There's no egalitarianism in economics.
Not every stock is created nor performs equally, in fact quite the contrary: we count on many investments being losers. And, while we can't control or reliably always predict the markets, we do determine what's in our portfolio.
Choosing one trade over the next is the core of money management.
When drafting teams for a football game, you wouldn't purposefully opt for the smallest and weakest players. The same goes within our portfolios. When considering investments to eliminate or reduce, I start by cutting the smallest and weakest of the bunch. Every trade isn't the same. Why treat them as such?
Every stock might have potential, but our own resources are limited. When deciding between large, long-established winning trades or smaller losers nipping new multi-month lows, there should be no question as to which gets kicked to the curb. You aren't simply trading the stock, but trading the stock as a position within your overall portfolio.
Markets and investments tend to move in trends which persist over time. To that end, it's generally more likely that an existing winning trade will continue to profit than a loser will reverse and rally. When forced to choose, the effort should be made to preserve the open trade. It's a higher probability bet.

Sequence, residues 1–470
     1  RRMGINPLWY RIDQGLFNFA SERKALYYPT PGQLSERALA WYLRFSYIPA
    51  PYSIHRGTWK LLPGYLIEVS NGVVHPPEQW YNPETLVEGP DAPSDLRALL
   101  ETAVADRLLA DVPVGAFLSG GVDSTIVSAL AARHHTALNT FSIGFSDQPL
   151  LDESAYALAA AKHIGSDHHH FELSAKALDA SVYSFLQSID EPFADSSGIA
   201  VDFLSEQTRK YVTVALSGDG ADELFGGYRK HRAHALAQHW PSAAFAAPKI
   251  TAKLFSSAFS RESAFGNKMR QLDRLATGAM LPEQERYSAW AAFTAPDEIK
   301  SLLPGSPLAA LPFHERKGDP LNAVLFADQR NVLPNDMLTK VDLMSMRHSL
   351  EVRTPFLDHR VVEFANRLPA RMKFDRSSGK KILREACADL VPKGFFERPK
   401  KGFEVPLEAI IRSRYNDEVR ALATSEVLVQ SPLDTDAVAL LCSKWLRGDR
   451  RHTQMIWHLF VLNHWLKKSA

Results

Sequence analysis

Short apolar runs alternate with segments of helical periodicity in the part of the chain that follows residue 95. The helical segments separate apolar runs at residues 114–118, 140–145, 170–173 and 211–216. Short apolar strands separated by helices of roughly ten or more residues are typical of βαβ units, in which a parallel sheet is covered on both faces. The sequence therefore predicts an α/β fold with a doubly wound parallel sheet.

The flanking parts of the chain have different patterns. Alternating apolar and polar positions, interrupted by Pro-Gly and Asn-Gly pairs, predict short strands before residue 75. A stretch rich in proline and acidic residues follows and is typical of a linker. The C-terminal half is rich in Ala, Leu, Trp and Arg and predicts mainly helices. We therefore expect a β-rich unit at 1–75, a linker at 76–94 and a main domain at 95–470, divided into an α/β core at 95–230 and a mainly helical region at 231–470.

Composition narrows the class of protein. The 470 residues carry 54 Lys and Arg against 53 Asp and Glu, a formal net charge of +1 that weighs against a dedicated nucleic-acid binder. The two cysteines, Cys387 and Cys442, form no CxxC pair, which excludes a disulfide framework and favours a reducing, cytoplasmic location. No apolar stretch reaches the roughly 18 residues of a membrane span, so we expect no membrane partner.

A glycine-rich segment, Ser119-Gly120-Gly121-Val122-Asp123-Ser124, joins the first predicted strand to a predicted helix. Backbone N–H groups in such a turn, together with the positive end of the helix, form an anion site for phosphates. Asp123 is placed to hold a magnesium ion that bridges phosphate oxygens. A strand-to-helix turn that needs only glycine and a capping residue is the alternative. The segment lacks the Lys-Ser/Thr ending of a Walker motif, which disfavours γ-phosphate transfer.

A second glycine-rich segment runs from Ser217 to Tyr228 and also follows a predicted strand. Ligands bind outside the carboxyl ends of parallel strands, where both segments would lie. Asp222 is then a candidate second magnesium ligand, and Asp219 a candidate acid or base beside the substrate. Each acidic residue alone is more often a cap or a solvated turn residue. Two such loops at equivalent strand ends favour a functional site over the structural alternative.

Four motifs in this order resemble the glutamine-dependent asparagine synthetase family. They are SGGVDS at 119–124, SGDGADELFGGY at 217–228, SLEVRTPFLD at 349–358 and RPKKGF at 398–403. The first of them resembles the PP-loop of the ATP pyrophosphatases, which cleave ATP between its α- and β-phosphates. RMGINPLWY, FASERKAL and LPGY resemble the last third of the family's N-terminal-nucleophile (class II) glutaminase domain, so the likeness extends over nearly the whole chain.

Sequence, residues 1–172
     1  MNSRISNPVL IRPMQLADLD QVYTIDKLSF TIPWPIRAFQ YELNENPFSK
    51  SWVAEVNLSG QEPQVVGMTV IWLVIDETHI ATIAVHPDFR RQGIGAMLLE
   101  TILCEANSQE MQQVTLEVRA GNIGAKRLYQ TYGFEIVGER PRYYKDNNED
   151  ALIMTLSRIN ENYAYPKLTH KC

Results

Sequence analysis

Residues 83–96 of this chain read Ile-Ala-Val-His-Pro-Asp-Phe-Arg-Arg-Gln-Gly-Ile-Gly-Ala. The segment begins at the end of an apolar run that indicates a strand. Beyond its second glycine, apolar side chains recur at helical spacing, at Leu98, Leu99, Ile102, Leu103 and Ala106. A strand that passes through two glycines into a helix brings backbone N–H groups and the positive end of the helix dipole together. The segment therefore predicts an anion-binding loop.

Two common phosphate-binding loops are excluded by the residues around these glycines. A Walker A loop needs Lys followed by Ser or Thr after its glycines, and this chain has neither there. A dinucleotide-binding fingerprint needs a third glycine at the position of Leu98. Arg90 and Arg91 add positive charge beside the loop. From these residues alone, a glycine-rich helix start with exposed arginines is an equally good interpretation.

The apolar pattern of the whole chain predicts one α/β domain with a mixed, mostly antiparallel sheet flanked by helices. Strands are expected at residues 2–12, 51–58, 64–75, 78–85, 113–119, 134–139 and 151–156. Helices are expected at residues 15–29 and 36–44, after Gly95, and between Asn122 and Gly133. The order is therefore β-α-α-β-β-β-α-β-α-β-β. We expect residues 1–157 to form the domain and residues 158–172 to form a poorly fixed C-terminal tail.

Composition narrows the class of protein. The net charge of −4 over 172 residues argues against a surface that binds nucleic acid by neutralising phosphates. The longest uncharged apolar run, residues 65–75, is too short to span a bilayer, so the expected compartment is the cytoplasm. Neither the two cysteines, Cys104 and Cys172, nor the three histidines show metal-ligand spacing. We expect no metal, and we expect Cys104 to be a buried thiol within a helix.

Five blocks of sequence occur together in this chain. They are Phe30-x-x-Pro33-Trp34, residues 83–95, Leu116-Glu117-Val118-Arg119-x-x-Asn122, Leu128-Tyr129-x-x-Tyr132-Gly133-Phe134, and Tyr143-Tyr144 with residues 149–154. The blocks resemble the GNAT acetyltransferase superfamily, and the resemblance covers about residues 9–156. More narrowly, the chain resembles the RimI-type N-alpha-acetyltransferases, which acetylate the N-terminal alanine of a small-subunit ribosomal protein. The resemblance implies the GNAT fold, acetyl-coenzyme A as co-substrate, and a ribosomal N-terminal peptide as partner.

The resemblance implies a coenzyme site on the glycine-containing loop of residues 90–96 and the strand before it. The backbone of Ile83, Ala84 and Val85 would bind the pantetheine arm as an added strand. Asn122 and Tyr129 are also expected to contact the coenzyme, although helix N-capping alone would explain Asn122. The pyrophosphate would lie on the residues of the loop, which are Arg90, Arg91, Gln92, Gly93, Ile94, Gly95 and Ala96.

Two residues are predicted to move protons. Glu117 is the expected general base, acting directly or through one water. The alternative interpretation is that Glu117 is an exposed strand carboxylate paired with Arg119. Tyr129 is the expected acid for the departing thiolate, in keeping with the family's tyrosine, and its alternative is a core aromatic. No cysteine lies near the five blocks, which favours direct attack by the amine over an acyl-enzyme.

For example, when it comes to my foray into shipping stocks, I have trimmed laggards such as Star Bulk Carriers (SBLK)
Our instinct, of course, is to do just the opposite. We prefer immediate pleasure, snatching any gain to buy something new rather than simply holding onto winners already in our portfolio. That's boring --like unwrapping last year's Christmas gift over and over again.
Yet winning positions are exactly what we want: they're the source of any profit. So unless they've grown to become a truly domineering part of your portfolio, why would one opt to trade them away?
Every athlete isn't equal, nor is every stock. To that end, the shrewd investor looks to stock his team with the strongest players. That's more often found in open winning trades over the smaller losing ones.—Jonathan Hoenig is managing member at (Capitalistpig Hedge Fund LLC. At the time of writing, Hoenig's fund held positions in many of the securities mentioned